In 1865 Justus von Liebig invented Soluble Food for Babies. It was the world’s first commercial substitute for breastmilk and it has helped to shape the modern workplace.
Not every baby has a mother who can breastfeed. Indeed, not every baby has a mother. In the early 1800s, only two in three babies who weren’t breastfed lived to see their first birthday. Many were given “pap”, a bread-and-water mush, from hard-to-clean receptacles that teemed with bacteria. But in 1865 Justus von Liebig invented Soluble Food for Babies – a powder comprising cow’s milk, wheat flour, malt flour and potassium bicarbonate. It was the first commercial substitute for breastmilk and, as Tim Harford explains, it has helped shape the modern workplace.
Editors: Richard Knight and Richard Vadon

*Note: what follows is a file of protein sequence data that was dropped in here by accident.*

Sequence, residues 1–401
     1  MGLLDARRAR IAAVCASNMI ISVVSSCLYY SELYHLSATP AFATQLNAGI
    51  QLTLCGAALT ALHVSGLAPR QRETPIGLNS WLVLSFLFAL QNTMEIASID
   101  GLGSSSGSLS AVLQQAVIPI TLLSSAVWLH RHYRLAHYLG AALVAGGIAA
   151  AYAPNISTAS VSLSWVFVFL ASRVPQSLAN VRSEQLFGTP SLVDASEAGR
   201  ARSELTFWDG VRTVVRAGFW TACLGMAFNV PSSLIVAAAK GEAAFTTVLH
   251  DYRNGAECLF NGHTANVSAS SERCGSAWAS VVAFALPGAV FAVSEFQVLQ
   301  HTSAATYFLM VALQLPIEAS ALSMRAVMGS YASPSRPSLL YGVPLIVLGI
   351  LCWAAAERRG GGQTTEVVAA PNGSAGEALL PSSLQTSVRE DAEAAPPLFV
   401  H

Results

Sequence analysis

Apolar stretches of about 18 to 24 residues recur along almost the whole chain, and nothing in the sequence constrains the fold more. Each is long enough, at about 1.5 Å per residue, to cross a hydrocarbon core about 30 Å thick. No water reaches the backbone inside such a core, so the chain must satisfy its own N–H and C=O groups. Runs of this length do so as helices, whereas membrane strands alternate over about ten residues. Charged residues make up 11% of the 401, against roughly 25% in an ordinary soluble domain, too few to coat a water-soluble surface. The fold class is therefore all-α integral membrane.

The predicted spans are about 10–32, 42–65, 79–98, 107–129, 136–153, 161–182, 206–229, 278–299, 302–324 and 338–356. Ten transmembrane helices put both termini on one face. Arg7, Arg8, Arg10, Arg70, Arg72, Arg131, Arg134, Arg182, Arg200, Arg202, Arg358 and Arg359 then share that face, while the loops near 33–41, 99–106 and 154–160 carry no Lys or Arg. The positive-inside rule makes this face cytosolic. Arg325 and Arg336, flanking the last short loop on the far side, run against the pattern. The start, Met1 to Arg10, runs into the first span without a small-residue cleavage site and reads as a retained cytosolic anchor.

Producer: Ben Crighton
(Image: Baby lying down drinking from bottle, Credit: Lopolo/Shutterstock)
Sources and related links
Justus von Liebig - The Chemical Gatekeeper (Cambridge Science Biographies), William H Brock, 2002
Harvey A. Levenstein - Revolution at the Table: The Transformation of the American Diet, University of California Press, 2003
Marianne R. Neifert - Dr. Mom's Guide to Breastfeeding, Plume, 1998
Geoff Talbot - Specialty Oils and Fats in Food and Nutrition: Properties, Processing and Applications, Woodhead Publishing, 2015, p287
Bertrand, Marianne, Claudia Goldin and Lawrence F. Katz - "Dynamics of the Gender Gap for Young Professionals in the Financial and Corporate Sectors." American Economic Journal: Applied Economics, 2(3): 228-55, 2010
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